LDL-cholesterol (LDL-C), a measure of the cholesterol content within LDL, became the primary goal of therapy for historic reasons, although there was considerable evidence that the triglyceride-rich very low-density lipoprotein (VLDL) and the remnant lipoproteins are also atherogenic. The CARE (Cholesterol and Recurrent Events) study found that VLDL-C, apo B, and apo C-III are potent predictors of events (4). The CHICAGO (Carotid Intima-Media Thickness in Atherosclerosis Using Pioglitazone) study found that triglyceride-rich lipoprotein cholesterol (non–high-density lipoprotein-cholesterol [non–HDL-C] minus directly measured LDL-C) showed the greatest association with coronary calcium (5). A recent large meta-analysis with >60,000 patients in statin trials found that when LDL-C was low (LDL-C <100 mg/dl), but non–HDL-C was elevated (non–HDL-C >130 mg/dl) (6), there was an increase in cardiovascular events compared with those with both elevated LDL-C and non–HDL-C (1). Although both lipid profiles represent a patient at high residual risk for a major adverse cardiac event, the patient with the low LDL-C (<100 mg/dl), but with a discordantly high non–HDL-C (>130 mg/dl), is the type of patient who may slip through the cracks because the at-goal LDL-C may mislead the clinician into believing the patient is adequately treated. This new study continues to add to the evidence that non–HDL-C outperforms LDL-C as a risk predictor for patients on a statin. However, a recent survey showed that 44% of providers in practice could not calculate non–HDL-C levels when provided a standard lipid profile, and cardiologists were just as likely as primary care physicians to not understand the calculation or know the non–HDL-C goal of therapy (7).
Should non–HDL-C replace LDL-C as the main target of therapy? The advantages appear clear: non–HDL-C is a better risk predictor, can be performed in a nonfasting state, and does not incur any additional costs to the healthcare system. However, does apo B or LDL-P outperform non–HDL-C as a risk predictor? LDL-C or non–HDL-C are measures of the cholesterol content within the atherogenic lipoproteins, although apo B or LDL-P are parameters that assess the number of atherogenic particles. The answers depends if you evaluate the data for a group of patients or in an individual patient. The meta-analysis of the Emerging Risk Factor Collaboration and the recent analysis of the major statin trials demonstrated that the hazard ratios for non–HDL-C or apo B for major adverse cardiac events did not differ significantly (8). Nevertheless, there are frequent examples of individual patients who have normal non–HDL-C levels and elevated measures of apo B or LDL-P. In studies that evaluated patients with discordance (low levels of cholesterol content but high levels of the measures of the particle number), the measures of particle number frequently outperformed measures of the cholesterol content as risk predictors (9,10). This is the evidence that led expert panels to consider apo B or LDL-P testing in patients who are more likely to have discordance (metabolic syndrome, diabetes, or premature coronary heart disease). Once an individual patient achieves their non–HDL-C target of therapy, consideration can be given for advanced lipoprotein analysis to ascertain if measures of atherogenic particle concentration are also well controlled, and if not, adjust therapy accordingly. Measuring both non–HDL-C and apo B or LDL-P are potentially complementary. When apo B or LDL-P is disproportionately high, particles measure should guide management. In contrast, apo B or LDL-P is insensitive to remnant particles, whereas plasma lipids, in particular cholesterol and triglyceride, do reflect the impact of these atherogenic lipoproteins. Accordingly, when non–HDL-C is disproportionately high, particularly in hypertriglyceridemic patients, non–HDL-C should guide management (9). Although this approach does not yet have an evidence-based clinical trial demonstrating improved outcomes, there remains a consensus that residual risk despite statin therapy remains a challenging and important unmet medical need.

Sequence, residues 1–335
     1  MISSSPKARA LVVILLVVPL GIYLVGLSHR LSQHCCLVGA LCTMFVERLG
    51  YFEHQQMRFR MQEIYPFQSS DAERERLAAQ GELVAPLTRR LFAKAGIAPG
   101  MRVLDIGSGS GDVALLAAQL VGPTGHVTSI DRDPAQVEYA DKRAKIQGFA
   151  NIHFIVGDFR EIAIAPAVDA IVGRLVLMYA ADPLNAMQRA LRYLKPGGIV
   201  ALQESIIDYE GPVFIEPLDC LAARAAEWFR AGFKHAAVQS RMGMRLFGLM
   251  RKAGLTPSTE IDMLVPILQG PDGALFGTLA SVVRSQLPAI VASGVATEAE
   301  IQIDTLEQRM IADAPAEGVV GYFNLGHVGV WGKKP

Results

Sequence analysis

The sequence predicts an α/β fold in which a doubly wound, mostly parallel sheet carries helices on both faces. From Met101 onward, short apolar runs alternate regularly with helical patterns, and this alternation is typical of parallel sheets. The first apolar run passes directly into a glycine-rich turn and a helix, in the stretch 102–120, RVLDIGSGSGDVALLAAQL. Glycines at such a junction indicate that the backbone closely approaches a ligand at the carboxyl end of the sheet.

Dr. Davidson is on the advisory board and is a consultant for Amgen, AstraZeneca, Merck, and Sanofi-Aventis; he is also a stockholder and Chief Medical Officer for Omthera Pharmaceuticals, Inc.
- Received May 23, 2012.
- Revision received May 30, 2012.
- Accepted June 5, 2012.
- American College of Cardiology Foundation